Unilateral Vocal Fold Immobility (UVFI)

Epidemiology

Incidence of Etiologies of Unilateral Vocal Fold Immobility (1996-2005 data per [MEDLINE])

  • Surgery (46.3% of cases)
    • Thyroid Surgery (26% of all surgical cases)
    • Other Surgery (17% of all surgical cases)
    • Anterior Cervical Spine Surgery (15% of all surgical cases)
    • Carotid Endarterectomy (11% of all surgical cases)
    • Lung Biopsy/Resection (8% of all surgical cases)
    • Parathyroid Surgery (6% of all surgical cases)
    • Intracranial Surgery (5% of all surgical cases)
    • Aortic Aneurysm Surgery (5% of all surgical cases)
    • Heart Valve Surgery (4% of all surgical cases)
    • Skull Base Surgery: accounts for 2% of all surgical cases)
    • Thyroid and Parathyroid Surgery, Combined (1% of all surgical cases)
  • Idiopathic (17.6% of cases)
  • Malignancy (13.5% of cases)
    • Lung Cancer (6.6% of cases)
    • Metastatic Cancer (3.3% of cases)
    • Thyroid Cancer (2.2% of cases)
    • Other Cancer (0.8% of cases)
    • Esophageal Cancer (0.6% of cases)
  • Other (5.2% of cases)
  • Intubation (4.4% of cases)
  • Infection (3.6% of cases)
  • CNS Disease (3.0% of cases)
  • Trauma (2.2% of cases)
  • Inflammation (1.9% of cases)

Incidence of Etiologies of Bilateral Vocal Fold Immobility (1996-2005 data per [MEDLINE])

  • Surgery (55.6% of cases)
    • Thyroid Surgery (48% of all all surgical cases)
    • Thyroid and Parathyroid Surgery, Combined (13% of all surgical cases)
    • Parathyroid Surgery (29% of all surgical cases)
    • Carotid Endarterectomy (5% of all surgical cases)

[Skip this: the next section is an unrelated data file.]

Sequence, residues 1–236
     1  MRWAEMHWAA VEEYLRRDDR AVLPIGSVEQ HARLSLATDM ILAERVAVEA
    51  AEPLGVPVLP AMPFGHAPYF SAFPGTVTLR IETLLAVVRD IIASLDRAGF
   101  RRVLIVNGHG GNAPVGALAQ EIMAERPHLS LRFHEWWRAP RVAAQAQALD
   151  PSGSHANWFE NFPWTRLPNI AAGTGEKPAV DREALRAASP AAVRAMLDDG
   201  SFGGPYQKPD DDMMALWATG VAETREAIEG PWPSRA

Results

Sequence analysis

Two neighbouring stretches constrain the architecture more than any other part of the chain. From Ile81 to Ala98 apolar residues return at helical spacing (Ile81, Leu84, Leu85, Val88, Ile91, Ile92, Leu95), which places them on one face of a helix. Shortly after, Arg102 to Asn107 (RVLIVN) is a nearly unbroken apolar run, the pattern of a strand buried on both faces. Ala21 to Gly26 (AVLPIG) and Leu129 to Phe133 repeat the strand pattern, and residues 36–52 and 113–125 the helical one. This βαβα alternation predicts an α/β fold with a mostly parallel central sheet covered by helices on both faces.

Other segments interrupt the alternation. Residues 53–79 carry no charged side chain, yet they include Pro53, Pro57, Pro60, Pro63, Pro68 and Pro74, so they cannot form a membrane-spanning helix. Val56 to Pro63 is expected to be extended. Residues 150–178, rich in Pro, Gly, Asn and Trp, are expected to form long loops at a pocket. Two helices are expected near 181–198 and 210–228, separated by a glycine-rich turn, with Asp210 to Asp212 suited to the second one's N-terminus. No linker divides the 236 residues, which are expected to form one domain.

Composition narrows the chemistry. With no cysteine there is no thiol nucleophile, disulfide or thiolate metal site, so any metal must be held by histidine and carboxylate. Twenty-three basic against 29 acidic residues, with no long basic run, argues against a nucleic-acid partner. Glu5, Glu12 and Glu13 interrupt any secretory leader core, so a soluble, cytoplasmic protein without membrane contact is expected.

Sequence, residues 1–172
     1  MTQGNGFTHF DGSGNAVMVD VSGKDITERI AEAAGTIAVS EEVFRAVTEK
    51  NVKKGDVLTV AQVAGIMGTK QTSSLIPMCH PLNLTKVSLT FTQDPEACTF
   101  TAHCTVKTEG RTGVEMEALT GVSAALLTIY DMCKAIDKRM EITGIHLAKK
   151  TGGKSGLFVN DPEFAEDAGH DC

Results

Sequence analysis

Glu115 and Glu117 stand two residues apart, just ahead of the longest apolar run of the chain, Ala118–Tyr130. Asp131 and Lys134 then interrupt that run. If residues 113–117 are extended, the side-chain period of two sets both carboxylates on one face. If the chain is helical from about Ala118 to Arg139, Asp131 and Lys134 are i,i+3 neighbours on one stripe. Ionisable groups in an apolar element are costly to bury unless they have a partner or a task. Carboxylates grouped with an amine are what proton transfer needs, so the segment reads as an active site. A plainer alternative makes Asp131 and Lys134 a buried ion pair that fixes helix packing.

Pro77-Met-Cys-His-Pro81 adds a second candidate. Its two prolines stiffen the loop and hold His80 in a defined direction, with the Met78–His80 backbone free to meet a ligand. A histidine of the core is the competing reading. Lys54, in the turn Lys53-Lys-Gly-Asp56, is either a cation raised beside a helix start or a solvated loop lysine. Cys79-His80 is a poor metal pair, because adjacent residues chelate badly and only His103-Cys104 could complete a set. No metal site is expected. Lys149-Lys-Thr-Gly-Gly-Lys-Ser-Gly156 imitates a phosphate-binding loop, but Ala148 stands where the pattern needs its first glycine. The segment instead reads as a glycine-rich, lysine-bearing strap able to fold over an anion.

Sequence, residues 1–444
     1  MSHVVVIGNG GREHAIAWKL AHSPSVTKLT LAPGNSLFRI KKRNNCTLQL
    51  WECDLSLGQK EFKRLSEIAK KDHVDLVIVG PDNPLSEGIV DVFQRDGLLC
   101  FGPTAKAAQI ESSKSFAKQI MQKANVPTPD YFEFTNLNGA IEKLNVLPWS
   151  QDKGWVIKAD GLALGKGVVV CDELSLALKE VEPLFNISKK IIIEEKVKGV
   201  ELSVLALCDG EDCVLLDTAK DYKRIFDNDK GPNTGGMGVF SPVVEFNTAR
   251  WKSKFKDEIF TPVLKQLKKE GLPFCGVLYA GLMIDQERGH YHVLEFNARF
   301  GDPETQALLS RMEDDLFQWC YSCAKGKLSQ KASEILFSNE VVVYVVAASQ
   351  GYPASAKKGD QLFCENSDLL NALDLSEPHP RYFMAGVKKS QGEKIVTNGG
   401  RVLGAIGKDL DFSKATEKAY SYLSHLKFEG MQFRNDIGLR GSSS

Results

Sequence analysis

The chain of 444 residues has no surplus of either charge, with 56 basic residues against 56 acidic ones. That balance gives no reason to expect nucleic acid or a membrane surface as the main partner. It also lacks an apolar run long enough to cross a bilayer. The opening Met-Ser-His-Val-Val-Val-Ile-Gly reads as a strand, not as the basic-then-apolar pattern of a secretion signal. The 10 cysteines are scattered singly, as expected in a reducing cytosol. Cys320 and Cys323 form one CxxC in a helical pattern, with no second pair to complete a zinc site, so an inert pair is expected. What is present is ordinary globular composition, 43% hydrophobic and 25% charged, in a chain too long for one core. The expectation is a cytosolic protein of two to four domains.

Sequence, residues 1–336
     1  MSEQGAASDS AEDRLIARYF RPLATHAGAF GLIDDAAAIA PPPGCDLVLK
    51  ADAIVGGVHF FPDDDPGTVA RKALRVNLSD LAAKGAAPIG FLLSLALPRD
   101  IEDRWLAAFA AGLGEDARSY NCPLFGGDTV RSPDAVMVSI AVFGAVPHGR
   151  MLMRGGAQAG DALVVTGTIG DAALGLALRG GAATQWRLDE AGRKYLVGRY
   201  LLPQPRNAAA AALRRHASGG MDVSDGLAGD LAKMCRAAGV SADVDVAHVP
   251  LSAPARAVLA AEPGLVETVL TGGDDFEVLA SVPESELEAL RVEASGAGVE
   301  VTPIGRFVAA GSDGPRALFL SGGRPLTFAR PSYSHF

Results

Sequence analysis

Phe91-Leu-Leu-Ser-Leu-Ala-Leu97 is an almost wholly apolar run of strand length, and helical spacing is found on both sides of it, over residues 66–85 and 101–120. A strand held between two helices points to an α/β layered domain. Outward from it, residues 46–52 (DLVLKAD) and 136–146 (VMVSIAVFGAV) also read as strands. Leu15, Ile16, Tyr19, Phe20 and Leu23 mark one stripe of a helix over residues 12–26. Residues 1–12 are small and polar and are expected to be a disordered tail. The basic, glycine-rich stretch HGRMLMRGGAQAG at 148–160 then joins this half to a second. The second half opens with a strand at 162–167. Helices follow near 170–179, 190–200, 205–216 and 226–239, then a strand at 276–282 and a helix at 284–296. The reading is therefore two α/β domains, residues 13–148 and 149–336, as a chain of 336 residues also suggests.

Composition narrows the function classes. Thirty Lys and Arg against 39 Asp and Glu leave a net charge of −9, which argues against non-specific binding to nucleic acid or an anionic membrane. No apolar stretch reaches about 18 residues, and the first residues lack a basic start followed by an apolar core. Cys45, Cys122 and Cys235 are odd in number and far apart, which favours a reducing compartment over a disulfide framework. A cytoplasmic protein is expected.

• Heart Surgery (5% of all surgical cases)
  • Malignancy (9.7% of cases)
    • Lung Cancer (4.2% of cases)
    • Metastatic Cancer (2.8% of cases)
    • Other Cancer (1.4% of cases)
    • Esophageal Cancer (1.4% of cases)
    • Thyroid Cancer (0% of cases)
  • Intubation (9.7% of cases)
  • Idiopathic (8.3% of cases)
  • CNS Disease/Neuropathy (6.9% of cases)
  • Stenosis (2.8% of cases)
  • Infection (1.4% of cases)
  • Inflammation (1.4% of cases)
  • Trauma (1.4% of cases)
  • Radiation (1.4% of cases)
  • Other (1.4% of cases)

Etiology

  • Cervical malignancy: encroachment on recurent laryngeal nerve (usually left)
  • Mediastinal mass: encroachment on recurrent laryngeal nerve (usually left)
  • Aortic aneurysm: encroachment on recurrent laryngeal nerve (usually left)
  • Post-intubation: may cause cricoarytenoid fixation, glottic web, interstitial fibrosis (all simulate paralysis of cord)
  • Idiopathic unilateral vocal cord paralysis:

Physiology

  • Paralyzed cord is near midline

Diagnosis

  • ABG: PFT’s: usually normal
  • Fiberoptic Bronchoscopy: reveals paralyzed cord (usually left side)
  • Pulmonary Function Tests
  • Fiberoptic Laryngoscopy
  • Laryngeal Electromyogram (EMG)

Clinical

  • Unlikely to produce significant upper airway obstruction
  • Hoarseness: usually present
  • Aspiration with Laryngospasm During Sleep: may occur

Treatment

  • Midline Repositioning of Vocal Cord: using injected silicone

References

  • Changing etiology of vocal fold immobility. Laryngoscope 1998;108(9):1346-1350 [MEDLINE]
  • The nasogastric tube syndrome. Laryngoscope. 1990 Sep;100(9):962-8 [MEDLINE]
  • Vocal fold immobility: a longitudinal analysis of etiology over 20 years. Laryngoscope. 2007 Oct;117(10):1864-70 [MEDLINE]